Lost in the momentous events of the recent election was the news that the citizens of the District of Columbia overwhelmingly approved a “state constitution” for the proposed state of New Columbia. This presages a renewed public campaign for D.C. statehood. One can easily imagine how much the statehood proponents will enjoy bludgeoning Tea Party Republicans with a bat labeled “no taxation without representation”, even if the chances for victory seem slim to none given Republican control of the Congress and the White House.
Thus this issue, which has been latent for some years, raises an interesting question: Can the Republicans shake off the opposition stance that has characterized so much of their behavior for the past eight years and actually rethink an issue, formulate a sensible proposal, and get out ahead of the curve? Or will the temptation to stonewall prevail?
An alternative plan for the District of Columbia could have the following components:
Shrink the congressionally-controlled “seat of government” (as provided for in Article I, section 8 of the Constitution) to a central core containing the White House and adjacent federal buildings, the Mall and its monuments and museums, the Federal Triangle, the Capitol and the House and Senate Office Buildings, the Supreme Court, the Library of Congress, and some of the contiguous federal buildings (e.g. the State Department, the U.S. Institute of Peace). The key point is that this area would contain no privately owned property and no residents (except for the President and his family, who vote in their home states.)
Return the remainder of the current District of Columbia to Maryland (just as Arlington County and Alexandria were “retroceded” to Virginia in the 1846). Until the next census and reapportionment of seats in the House of Representatives, Maryland would get an additional congressman, since it would be gaining about 675,000 new residents, roughly the population of the average congressional district.
Repeal the 23rd Amendment to the Constitution (which provided for D.C. participation in the Electoral College).
This arrangement would give the citizens of the current District the same representation in the federal government as citizens of the 50 states. Maryland would go from being a state that is slightly smaller than average, to a state that is slightly larger than average.
Therefore, citizens of the current District and the future Maryland could not reasonably complain of underrepresentation in the Senate. This plan clearly meets the demand that citizens in the District be treated the same as citizens elsewhere in the country. Maryland would, of course, have to figure out how its new territory should be organized: Since Washington is about the same size as Baltimore, the most obvious answer would be to give it a status identical to that of Baltimore, i.e., an independent city that is not part of any county.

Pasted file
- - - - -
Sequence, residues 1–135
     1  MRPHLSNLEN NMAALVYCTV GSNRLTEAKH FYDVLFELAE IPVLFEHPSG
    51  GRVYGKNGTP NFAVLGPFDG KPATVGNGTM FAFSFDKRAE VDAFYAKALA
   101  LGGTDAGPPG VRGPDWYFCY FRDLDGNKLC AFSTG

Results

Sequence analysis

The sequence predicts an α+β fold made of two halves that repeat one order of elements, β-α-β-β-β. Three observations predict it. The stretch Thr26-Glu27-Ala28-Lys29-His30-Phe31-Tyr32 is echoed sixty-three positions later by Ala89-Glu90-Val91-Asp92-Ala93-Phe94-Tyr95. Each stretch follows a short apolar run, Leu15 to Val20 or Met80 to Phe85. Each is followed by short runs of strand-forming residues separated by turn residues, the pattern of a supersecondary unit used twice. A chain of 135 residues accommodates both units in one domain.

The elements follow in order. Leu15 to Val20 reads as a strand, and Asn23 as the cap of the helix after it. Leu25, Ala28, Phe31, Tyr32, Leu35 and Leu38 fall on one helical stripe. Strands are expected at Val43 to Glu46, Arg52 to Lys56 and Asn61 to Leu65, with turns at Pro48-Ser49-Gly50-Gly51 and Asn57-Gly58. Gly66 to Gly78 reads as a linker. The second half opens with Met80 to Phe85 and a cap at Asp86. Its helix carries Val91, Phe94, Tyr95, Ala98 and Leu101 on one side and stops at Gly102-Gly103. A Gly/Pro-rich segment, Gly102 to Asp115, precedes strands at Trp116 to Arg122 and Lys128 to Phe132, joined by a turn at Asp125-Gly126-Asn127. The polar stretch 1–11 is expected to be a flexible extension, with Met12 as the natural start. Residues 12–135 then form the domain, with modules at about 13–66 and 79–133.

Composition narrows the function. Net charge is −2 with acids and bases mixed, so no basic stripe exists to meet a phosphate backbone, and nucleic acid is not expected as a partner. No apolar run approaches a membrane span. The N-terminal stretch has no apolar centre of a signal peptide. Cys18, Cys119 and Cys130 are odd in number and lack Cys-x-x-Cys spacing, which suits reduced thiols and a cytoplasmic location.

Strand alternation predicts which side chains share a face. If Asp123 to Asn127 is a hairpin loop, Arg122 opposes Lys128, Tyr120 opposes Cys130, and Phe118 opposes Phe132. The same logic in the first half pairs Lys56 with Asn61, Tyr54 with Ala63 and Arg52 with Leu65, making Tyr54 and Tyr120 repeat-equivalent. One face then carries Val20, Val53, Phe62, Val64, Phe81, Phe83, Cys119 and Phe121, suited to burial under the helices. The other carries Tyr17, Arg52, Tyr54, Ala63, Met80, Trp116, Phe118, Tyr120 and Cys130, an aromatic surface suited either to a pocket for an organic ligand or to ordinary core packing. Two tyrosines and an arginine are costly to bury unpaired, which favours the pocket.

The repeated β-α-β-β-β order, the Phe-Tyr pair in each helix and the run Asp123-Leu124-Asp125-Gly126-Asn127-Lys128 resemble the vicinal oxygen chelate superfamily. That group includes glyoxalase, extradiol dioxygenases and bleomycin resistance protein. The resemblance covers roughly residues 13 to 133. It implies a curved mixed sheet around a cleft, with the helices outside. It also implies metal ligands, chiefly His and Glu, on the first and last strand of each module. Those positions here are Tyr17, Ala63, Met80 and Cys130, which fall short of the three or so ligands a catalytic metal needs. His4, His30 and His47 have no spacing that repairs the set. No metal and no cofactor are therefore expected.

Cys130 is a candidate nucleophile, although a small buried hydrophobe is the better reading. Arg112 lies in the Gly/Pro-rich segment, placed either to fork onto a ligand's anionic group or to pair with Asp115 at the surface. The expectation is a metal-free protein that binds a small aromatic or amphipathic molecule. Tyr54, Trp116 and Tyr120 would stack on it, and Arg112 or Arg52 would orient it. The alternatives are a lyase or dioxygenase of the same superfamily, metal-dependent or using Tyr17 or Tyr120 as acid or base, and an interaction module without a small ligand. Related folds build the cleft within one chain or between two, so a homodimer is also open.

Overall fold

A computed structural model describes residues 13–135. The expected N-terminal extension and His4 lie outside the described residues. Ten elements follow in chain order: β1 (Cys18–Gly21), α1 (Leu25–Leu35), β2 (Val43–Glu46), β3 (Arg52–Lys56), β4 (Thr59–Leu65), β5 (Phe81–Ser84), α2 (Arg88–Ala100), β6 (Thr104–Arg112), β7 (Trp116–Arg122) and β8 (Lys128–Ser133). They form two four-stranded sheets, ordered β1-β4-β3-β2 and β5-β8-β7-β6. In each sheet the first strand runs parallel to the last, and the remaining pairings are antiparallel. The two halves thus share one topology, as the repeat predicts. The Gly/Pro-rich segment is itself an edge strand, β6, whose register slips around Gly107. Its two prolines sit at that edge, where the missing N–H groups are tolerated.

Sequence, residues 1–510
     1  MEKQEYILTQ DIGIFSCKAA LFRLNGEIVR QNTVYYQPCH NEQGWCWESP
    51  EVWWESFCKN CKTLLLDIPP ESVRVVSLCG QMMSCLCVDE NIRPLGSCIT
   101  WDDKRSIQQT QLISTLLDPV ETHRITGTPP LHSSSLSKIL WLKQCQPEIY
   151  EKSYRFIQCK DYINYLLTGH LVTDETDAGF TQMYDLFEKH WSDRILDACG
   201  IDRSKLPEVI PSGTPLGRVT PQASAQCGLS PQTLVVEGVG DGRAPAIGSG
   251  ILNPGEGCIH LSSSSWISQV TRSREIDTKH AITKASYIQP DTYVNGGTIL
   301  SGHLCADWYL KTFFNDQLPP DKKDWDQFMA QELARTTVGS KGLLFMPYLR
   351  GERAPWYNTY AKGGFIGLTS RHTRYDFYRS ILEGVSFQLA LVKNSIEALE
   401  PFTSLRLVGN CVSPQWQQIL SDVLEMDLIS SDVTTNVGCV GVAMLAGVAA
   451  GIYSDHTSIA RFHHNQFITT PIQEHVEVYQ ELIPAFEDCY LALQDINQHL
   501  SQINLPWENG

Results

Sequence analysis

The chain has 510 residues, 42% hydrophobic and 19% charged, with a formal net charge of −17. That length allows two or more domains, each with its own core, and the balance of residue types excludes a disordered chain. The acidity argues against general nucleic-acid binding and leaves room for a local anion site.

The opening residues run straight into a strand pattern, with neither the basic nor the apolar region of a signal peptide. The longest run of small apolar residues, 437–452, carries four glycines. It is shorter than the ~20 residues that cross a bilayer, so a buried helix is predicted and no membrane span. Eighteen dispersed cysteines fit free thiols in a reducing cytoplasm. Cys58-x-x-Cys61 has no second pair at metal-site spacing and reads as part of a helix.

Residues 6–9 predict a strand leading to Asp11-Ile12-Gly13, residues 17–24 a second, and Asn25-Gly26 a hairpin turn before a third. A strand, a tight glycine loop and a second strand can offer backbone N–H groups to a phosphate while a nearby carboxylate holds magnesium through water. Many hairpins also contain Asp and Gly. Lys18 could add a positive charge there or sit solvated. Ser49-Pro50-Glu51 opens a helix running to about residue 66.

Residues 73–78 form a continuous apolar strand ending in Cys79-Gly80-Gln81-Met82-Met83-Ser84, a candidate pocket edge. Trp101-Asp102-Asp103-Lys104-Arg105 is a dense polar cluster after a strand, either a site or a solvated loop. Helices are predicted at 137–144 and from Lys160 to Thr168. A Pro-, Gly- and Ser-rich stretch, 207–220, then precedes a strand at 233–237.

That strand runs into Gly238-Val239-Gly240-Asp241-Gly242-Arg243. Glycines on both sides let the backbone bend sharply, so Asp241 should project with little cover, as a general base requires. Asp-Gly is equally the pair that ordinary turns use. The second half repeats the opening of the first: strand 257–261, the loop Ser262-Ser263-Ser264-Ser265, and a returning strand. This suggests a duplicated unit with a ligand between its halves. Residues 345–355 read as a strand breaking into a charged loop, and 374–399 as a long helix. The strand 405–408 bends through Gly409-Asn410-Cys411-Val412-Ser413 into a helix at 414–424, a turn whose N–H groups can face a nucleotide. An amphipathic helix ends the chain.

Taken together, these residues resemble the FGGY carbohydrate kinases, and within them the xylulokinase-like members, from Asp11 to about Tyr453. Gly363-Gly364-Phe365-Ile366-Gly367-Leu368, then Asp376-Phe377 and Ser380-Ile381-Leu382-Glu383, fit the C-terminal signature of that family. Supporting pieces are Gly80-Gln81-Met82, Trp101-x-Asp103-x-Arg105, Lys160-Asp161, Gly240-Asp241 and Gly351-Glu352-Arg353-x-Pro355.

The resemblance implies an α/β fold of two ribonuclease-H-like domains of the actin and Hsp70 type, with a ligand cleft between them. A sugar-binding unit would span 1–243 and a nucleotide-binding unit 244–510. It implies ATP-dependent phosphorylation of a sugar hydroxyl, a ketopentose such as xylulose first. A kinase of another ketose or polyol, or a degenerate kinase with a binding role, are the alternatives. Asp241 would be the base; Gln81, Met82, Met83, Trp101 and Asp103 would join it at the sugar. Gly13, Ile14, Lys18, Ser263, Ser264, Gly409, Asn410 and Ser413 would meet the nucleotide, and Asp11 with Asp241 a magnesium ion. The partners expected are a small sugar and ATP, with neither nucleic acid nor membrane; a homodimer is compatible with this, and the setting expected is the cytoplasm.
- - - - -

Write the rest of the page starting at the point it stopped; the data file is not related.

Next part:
Both this plan and the statehood plan meet the “no taxation without representation” criterion. Whatever the original reason for having the city containing the seat of government be totally under the control of Congress, it gets harder and harder to justify when the federal workforce (not to speak of the associated population of lobbyists and lawyers) is incomparably larger than the Founders could have imagined, and when most of it resides in the Maryland and Virginia suburbs in any case. So, defending the current status—however politically feasible for the next two years—seems like a losing proposition over the long run.
No one will be so naïve as to believe that this plan would be welcome with open arms by most of the advocates of statehood for the District, or, for that matter, by most Maryland political figures. But if the two plans were examined side-by-side (e.g., at a congressional hearing), it would become clear that what is at stake is politics rather than principle. If one assumes that for the foreseeable future (and we have just had a lesson in how short that future can be) the District and Maryland are reliably Democratic in presidential and senatorial elections, this plan deprives the Democrats of two electors (the District’s three, minus the one additional Maryland elector) and kills any hope of gaining two senators. In return, the Democrats get an additional member of the House of Representatives, and a stronger hold on Maryland (which in its current configuration elects the occasional Republican governor).
Maryland would get a valuable addition to its tax base; given the ongoing rapid gentrification of many parts of the District, this benefit would only grow in coming years. In terms of Maryland politics, absorption of the population of Washington would further shift the center of power of Maryland politics from Baltimore City and County to the Washington metropolitan area, a trend that might be favored by some and disliked by others. (In any case, the Washington suburban counties of Montgomery and Prince George’s already have a larger population than Baltimore City and County.)
District residents would be spared the cost of supporting the whole apparatus of a state government: Merging into Maryland would presumably generate savings in terms of basic governmental functions such as tax collection, DMV operations, etc. Political figures in the District would find themselves smaller fish in a bigger pond.
How these political factors would play out is anyone’s guess, but it is hard to see why Republicans shouldn’t prefer a debate between this plan and statehood to a debate between statehood and “taxation without representation.”